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Policymakers and health care delivery systems are increasingly looking to price transparency as a promising approach for controlling health care costs. Much of this attention has focused on effective strategies for providing price and quality information to consumers who may use it to make more cost-conscious decisions about where, how, and when to seek care. Yet as a recent article in The New York Times explains, health care consumers aren’t the only ones for whom price information may be useful: Doctors also lack basic information about the cost of health care tests and procedures.
Current literature suggests that most physicians do not know how much diagnostic tests cost, but that making price information available to them at the time of test ordering may influence decision-making. In a study published in 2013, researchers at Johns Hopkins University School of Medicine found a modest reduction in test ordering when physicians were provided with Medicare fee data at the time of order entry. In his New York Times article, cardiologist Sandeep Jauhar, M.D., recalls how, as a resident, he and his colleagues would routinely order a complete blood count and an electrolyte panel for every patient in their ward on weekends, unaware that an electrolyte panel costs about $100. Given that most patients don’t need this lab work every day, Jauhar notes that he and his colleagues may have acted differently had price information been available to them.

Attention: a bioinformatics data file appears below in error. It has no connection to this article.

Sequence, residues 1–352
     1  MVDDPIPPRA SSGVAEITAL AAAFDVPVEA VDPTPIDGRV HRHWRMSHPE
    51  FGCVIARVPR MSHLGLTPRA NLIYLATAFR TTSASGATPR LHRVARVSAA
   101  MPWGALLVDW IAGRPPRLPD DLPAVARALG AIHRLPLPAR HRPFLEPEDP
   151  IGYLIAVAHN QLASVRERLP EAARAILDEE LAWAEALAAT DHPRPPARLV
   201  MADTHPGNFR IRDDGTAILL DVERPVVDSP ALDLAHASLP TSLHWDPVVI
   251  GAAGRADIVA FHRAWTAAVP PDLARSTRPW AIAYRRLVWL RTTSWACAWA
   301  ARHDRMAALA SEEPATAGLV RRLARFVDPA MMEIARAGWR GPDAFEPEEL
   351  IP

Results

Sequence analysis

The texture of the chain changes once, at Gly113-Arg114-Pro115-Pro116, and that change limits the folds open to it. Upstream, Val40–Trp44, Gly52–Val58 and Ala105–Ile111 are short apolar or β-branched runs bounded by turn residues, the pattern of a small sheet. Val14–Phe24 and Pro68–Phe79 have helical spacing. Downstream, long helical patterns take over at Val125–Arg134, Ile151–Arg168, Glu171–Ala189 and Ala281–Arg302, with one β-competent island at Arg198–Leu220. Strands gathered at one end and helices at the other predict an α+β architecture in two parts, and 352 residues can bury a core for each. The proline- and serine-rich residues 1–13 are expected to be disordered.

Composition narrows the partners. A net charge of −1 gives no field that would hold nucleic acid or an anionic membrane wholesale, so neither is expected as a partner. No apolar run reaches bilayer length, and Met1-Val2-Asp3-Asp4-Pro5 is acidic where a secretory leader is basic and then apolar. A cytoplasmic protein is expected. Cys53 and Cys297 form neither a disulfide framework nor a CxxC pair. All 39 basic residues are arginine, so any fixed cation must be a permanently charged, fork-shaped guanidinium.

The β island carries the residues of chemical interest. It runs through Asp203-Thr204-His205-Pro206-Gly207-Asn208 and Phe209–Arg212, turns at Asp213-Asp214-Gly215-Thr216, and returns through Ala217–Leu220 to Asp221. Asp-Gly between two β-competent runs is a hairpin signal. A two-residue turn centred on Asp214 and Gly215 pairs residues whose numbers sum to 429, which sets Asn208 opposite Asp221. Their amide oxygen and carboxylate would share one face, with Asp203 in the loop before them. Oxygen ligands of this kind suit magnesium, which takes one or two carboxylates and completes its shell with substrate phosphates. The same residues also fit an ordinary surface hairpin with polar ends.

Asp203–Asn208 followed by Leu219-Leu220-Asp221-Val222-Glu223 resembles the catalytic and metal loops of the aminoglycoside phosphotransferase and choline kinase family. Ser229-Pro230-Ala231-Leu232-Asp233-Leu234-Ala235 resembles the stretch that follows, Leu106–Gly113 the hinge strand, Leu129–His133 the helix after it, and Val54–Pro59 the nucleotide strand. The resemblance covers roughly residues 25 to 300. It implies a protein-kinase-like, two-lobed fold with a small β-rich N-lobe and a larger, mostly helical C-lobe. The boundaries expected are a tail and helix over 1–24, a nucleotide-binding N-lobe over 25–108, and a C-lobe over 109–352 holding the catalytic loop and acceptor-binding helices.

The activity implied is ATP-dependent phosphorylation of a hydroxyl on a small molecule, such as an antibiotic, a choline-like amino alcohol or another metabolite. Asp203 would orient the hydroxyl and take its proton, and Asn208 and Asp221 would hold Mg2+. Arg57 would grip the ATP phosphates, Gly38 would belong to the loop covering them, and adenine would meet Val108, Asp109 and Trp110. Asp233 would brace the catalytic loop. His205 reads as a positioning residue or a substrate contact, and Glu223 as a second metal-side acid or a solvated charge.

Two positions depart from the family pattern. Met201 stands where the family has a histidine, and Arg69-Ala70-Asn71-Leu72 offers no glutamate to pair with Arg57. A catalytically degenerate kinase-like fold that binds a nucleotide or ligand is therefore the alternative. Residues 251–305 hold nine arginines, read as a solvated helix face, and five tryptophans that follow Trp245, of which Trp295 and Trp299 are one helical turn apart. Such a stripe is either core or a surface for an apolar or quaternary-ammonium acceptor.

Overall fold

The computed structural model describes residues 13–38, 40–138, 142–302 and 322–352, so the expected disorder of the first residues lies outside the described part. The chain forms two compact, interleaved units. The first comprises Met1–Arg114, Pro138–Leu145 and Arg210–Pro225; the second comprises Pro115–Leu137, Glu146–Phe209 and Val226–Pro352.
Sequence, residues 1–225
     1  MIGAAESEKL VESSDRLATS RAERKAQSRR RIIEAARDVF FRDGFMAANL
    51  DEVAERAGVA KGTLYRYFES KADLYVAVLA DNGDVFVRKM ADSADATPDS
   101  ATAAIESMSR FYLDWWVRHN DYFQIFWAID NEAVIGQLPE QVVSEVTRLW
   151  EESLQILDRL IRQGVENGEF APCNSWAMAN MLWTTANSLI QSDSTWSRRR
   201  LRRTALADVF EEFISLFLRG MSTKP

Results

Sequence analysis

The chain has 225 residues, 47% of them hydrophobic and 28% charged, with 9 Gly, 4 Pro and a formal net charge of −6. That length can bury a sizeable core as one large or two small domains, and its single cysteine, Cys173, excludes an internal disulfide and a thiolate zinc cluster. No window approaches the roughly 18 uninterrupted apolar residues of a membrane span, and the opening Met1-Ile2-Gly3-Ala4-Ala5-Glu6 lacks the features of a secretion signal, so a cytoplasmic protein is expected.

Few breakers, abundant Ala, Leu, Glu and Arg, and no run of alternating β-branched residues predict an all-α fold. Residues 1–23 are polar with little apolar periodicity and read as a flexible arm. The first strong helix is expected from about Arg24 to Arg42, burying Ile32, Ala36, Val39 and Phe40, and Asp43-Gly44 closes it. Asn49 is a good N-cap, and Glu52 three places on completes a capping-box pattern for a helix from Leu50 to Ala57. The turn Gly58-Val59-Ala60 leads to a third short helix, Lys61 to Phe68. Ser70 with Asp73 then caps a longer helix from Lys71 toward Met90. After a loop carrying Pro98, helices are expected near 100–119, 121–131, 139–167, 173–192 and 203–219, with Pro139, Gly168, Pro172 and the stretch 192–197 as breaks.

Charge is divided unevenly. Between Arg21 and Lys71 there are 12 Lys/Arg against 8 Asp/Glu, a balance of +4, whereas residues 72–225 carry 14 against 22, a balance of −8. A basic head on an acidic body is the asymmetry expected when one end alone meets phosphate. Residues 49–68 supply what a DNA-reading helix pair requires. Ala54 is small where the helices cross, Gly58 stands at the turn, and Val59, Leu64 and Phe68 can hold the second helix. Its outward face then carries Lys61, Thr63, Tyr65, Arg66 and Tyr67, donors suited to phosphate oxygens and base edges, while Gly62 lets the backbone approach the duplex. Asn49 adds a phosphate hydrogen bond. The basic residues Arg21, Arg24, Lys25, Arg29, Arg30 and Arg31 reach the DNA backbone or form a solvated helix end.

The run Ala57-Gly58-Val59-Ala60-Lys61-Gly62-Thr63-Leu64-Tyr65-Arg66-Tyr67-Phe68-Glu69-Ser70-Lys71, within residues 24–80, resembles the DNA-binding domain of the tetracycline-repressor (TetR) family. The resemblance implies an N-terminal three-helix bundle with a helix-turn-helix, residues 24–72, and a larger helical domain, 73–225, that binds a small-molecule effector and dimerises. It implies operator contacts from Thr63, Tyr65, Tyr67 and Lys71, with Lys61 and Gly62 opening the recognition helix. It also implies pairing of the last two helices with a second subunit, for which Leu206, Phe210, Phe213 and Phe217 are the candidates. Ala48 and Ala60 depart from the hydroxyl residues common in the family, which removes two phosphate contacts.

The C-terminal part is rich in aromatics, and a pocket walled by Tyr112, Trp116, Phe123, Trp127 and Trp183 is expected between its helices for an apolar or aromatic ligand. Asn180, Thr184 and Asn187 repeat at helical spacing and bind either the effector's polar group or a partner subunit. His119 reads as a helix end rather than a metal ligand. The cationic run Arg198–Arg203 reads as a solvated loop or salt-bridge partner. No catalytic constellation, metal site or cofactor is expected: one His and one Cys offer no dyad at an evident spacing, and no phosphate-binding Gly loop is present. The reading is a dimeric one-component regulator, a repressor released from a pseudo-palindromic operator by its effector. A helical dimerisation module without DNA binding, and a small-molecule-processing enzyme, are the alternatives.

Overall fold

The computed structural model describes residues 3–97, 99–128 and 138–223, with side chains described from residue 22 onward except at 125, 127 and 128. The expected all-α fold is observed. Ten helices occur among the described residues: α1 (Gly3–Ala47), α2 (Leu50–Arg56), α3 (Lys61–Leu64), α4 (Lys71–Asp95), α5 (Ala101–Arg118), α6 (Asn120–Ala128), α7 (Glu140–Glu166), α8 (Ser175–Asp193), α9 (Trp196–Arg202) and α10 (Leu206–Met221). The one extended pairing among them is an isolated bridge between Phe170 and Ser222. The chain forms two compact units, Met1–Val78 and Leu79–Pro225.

In a study funded under the Robert Wood Johnson Foundation’s “Understanding the Use and Impact of Price Data in Health Care” solicitation, Alyna Chien, M.D., M.S., Boston Children’s Hospital and Harvard Medical School, is examining the impact of a physician-targeted price transparency program on clinical decision-making. As part of the study, Chien and colleagues are conducting a randomized controlled trial at a large multispecialty group practice in which physicians receive alternate versions of the same price information at the time of test ordering. This information is delivered via the practice’s electronic health record and is not available to physicians in the control arm. Following the intervention, the researchers will conduct semi-structured interviews with randomly-selected physicians from each study arm. The goal of the study is to evaluate the impact of the price transparency program on physicians’ test ordering rates, care quality, and use of price information in clinical decision-making and conversations with patients.
Issues around price transparency will be the focus of an upcoming summit sponsored by the Robert Wood Johnson Foundation. The Second National Summit on Health Care Price, Cost and Quality Transparency will be held March 16-18 in Washington, DC, with participation also available via webcast. An agenda, list of keynote speakers, and registration information is available here.